# 8.2.9 I'd like to design my own glider. How do I know if it will work? How do I compute the CP for a glider?

First, build a few kits or plans and get some experience with
gliders. Designing a successful glider is a lot more
complicated than designing a successful rocket. Once you've
mastered building, trimming, and flying some existing designs

Glider stability is similar to a rocket stability, but a bit
more complicated. The equivalent to a rocket Center of
Pressure (CP) is called the Neutral Point (NP) of a
glider. There is an article on how to calculate this in the
1980 MIT Journal available from NARTS. I've used a program I
wrote (FORTRAN-IV for RT-11 and VMS) in the early 80s to
calculate the NP. Versions of this program for DOS and LINUX
are finally available on the net at

ftp://eagle.he.net/pub/cssinc/Private/NP.zip.

Just as a rocket CG needs to be ahead of the CP, a glider CG
must be ahead of its NP for it to be stable. 10-20% of the
wing chord (the distance from the leading edge to trailing
edge of the wing) is a good margin for free flight models. RC
models can get by with much smaller margins.

Here is a sample output of my neutral point program. The program itself is
based on a paper presented by Guppy at MITCON-11, and a later summary in the
MIT Journal.

The Flat Cat data is from the Quest model, emailed to me by
Andy Eng. I make no claim to its accuracy. I.E. if it's wrong,
it's Andy's fault. Andy specified all the surfaces as being
1/8" thick! I "corrected" this, making the stab and rudder
1/16", which sounds more reasonable to me. Besides, the
thickness is just used to calculate the frontal area; it
doesn't affect the NP calculation. I was surprised to see the
NP at 85% of wing chord. I'd really like someone to try
trimming this model with the CG at 70% back and let me know
how it glides.

```	Description: Flat Cat							|		|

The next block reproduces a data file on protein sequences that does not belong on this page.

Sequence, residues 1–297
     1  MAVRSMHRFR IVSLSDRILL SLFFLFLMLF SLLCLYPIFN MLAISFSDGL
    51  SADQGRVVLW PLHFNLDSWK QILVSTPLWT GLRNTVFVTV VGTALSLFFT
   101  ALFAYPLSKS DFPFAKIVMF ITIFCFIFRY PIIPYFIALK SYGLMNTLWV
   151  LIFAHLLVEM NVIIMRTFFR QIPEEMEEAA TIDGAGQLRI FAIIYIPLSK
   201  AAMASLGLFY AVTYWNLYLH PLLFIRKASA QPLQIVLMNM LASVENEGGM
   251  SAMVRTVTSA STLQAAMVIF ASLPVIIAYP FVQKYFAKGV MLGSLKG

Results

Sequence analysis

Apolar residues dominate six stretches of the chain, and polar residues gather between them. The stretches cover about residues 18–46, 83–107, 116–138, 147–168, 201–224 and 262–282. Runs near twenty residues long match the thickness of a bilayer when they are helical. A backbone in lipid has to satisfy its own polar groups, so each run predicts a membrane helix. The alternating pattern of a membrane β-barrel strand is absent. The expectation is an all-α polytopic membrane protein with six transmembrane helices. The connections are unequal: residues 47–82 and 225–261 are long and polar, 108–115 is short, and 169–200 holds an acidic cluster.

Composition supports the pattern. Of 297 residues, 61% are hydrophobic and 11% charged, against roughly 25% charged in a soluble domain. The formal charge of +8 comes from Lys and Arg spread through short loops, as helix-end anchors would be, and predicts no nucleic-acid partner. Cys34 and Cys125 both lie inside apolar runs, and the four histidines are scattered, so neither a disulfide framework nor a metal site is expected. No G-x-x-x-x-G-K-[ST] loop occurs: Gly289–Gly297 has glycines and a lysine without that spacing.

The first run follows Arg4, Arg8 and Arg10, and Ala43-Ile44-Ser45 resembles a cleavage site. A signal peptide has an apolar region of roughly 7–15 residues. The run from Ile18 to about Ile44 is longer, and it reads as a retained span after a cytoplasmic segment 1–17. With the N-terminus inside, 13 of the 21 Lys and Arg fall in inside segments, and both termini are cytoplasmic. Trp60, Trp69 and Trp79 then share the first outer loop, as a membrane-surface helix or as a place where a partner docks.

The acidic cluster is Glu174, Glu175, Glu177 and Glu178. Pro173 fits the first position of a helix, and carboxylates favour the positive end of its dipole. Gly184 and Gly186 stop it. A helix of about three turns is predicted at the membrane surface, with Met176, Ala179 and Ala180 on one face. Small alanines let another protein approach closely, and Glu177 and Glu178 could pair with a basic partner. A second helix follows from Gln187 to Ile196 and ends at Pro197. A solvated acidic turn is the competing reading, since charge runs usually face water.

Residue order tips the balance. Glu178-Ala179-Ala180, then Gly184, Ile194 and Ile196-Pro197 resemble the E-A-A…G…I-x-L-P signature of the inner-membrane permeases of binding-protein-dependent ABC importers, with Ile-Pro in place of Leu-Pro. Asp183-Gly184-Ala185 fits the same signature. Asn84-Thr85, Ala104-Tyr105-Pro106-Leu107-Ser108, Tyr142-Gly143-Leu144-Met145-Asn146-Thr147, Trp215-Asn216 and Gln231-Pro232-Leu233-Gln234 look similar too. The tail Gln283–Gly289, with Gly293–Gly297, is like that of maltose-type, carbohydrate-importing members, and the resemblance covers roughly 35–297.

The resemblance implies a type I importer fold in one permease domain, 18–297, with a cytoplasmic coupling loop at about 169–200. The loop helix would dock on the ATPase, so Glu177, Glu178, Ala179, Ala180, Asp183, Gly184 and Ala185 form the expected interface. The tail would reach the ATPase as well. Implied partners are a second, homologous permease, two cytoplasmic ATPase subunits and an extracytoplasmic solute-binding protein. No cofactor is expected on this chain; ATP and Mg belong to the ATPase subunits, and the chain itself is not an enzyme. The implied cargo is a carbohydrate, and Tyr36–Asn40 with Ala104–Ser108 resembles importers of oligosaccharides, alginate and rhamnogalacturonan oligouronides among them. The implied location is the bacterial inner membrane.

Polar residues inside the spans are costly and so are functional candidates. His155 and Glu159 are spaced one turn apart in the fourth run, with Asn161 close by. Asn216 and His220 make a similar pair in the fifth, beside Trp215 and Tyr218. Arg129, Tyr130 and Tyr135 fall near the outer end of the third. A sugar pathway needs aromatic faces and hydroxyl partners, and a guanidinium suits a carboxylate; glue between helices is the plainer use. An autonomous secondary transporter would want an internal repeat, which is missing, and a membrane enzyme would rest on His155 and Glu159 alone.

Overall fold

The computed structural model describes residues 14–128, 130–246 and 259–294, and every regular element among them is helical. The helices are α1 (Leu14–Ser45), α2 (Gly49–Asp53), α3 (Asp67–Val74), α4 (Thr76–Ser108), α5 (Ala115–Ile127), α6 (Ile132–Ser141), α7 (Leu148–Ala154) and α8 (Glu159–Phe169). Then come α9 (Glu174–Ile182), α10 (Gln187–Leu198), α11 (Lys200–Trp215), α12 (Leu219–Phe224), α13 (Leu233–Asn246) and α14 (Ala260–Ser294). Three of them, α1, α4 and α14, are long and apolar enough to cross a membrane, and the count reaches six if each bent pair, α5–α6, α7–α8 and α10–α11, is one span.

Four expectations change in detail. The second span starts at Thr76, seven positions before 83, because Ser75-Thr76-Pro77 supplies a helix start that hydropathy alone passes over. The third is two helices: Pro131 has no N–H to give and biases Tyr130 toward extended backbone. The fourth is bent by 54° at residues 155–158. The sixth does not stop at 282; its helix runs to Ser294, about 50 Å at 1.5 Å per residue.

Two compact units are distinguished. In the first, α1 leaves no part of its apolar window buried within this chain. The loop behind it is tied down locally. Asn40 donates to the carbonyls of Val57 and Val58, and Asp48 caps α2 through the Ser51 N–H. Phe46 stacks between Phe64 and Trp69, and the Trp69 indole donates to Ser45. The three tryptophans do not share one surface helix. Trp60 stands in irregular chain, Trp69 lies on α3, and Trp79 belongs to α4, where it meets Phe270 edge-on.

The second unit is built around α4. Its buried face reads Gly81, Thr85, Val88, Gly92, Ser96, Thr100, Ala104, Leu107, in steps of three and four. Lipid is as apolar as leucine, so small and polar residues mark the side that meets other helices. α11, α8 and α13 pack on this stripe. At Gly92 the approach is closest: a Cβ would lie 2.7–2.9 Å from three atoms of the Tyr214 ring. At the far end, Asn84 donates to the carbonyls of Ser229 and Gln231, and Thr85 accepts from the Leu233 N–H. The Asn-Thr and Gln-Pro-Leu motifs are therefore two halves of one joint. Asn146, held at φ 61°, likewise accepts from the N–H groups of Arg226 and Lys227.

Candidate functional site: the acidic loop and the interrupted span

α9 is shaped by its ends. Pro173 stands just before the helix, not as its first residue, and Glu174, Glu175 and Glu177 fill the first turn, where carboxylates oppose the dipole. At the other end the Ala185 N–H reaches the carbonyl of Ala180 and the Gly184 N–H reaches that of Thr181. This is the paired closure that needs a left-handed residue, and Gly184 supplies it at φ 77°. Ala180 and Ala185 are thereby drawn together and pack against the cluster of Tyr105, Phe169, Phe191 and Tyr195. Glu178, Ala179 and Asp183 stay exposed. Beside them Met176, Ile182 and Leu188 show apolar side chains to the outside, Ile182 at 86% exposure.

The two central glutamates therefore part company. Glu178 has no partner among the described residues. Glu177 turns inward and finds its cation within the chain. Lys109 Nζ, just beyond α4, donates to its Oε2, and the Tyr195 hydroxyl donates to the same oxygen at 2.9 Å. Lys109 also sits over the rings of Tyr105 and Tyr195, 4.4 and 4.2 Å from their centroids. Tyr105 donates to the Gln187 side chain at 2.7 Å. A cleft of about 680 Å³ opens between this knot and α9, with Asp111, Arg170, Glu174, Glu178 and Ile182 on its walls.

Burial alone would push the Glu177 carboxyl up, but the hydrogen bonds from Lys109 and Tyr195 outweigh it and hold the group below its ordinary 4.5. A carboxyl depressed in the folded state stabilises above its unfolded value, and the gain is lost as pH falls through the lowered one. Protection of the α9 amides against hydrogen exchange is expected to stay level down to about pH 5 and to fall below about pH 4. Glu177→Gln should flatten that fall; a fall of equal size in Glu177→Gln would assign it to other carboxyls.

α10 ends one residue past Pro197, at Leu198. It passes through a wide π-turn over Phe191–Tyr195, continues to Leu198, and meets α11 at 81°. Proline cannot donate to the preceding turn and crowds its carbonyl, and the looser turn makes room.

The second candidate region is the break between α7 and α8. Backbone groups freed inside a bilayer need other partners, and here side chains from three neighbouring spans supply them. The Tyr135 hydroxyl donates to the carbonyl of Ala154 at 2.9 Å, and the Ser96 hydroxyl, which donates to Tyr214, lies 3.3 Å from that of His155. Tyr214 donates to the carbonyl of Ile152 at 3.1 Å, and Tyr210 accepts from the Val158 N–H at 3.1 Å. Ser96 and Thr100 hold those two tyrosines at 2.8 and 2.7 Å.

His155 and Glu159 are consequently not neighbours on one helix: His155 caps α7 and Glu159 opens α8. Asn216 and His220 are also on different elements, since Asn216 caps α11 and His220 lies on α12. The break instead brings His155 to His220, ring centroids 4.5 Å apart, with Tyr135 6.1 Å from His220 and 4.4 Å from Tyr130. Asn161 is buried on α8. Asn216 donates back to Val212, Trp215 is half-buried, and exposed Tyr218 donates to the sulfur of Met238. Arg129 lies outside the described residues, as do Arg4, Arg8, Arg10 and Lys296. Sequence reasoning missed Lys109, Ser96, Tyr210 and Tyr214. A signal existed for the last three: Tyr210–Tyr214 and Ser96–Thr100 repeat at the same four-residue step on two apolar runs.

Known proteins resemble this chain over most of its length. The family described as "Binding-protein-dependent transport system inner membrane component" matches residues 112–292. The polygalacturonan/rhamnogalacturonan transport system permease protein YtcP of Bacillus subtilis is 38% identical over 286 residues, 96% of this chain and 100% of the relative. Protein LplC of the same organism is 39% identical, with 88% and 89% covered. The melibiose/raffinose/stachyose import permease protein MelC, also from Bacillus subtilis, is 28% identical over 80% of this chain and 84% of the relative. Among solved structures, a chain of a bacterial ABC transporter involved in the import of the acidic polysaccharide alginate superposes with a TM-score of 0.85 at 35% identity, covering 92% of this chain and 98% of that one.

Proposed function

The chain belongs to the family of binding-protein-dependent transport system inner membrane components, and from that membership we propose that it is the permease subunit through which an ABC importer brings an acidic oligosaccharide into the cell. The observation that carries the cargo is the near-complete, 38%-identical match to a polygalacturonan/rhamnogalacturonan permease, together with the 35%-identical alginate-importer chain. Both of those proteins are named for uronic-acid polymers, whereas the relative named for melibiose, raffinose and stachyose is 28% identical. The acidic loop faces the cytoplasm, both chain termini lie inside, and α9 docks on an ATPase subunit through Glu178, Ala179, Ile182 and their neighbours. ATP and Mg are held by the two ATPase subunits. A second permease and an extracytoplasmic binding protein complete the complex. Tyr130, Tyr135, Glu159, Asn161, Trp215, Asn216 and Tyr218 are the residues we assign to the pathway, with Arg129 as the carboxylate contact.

Wing:   Span=  15.500     Root=  2.7500     Tip =  1.3000     PSpn=  14.671
Swep=  1.4500     Thck= 0.12500     Dihd=  2.5000     Angl=  18.819     Frnt= 1.9375    >
MAC =  2.0250     Area=  29.710     AR  =  7.2451     Xac = 0.42413     L   =0.81490E-01>
Stab:   Span=  6.5000     Root=  2.0000     Tip =  1.0000     PSpn=  6.5000     %Wng= 0.32818
Swep=  1.0000     Thck= 0.62000E-01 Dihd=  0.0000     Angl=  0.0000     Frnt=0.40300    >
MAC =  1.5000     Area=  9.7500     AR  =  4.3333     Xac = 0.41667     L   =0.65391E-01>
Fin:    Span=  1.5000     Root=  2.0000     Tip =  1.0000     PSpn=  1.5000     %Wng= 0.75733E-01
Swep=  1.0000     Thck= 0.62000E-01 Dihd=  0.0000     Angl=  0.0000     Frnt=0.93000E-01>
MAC =  1.5000     Area=  2.2500     AR  =  1.0000     Xac = 0.41667     L   =0.30000E-01>
Front:  Dia = 0.75000     Hgth= 0.50000     Thck= 0.25000
BstA=  3.0003     GldA=  2.4960     Bdia=  1.9545     Gdia=  1.7827     Semi= 1.1474    >
Tail:   Momt=  6.0000     QCM =  8.4170     TVC =  1.3641     FVC = 0.43448E-01 Wash=0.70190    >
The Neutral Point is located at  85.38% (   2.348     units ) from wing L.E.    NPg = 1.1540
Stability factor 0.20 Put CG at  70.65% (   1.943     units ) from wing L.E.    NPb =0.99614
```

There are several good articles on Boost Glider Stability in old Model
Rocketry Magazine and Model Rocketeers. Reprints of many of these are
available from NARTS and/or NARTREK.

When scratch building, selecting good balsa wood is
important. SIG has a great reference on balsa grain and
density in their catalog. Look for pieces of wood with
straight grain, and no knots or swirls. For wings and stabs
choose as uniform a piece as possible so you don't have
density variations in the surface. Also avoid splits and

There's an article in the MARS Pathfinder newsletter with a
V-tail BG design and calculations at:
http://www.marsclub.org/path/MP15-3.pdf

Continue to: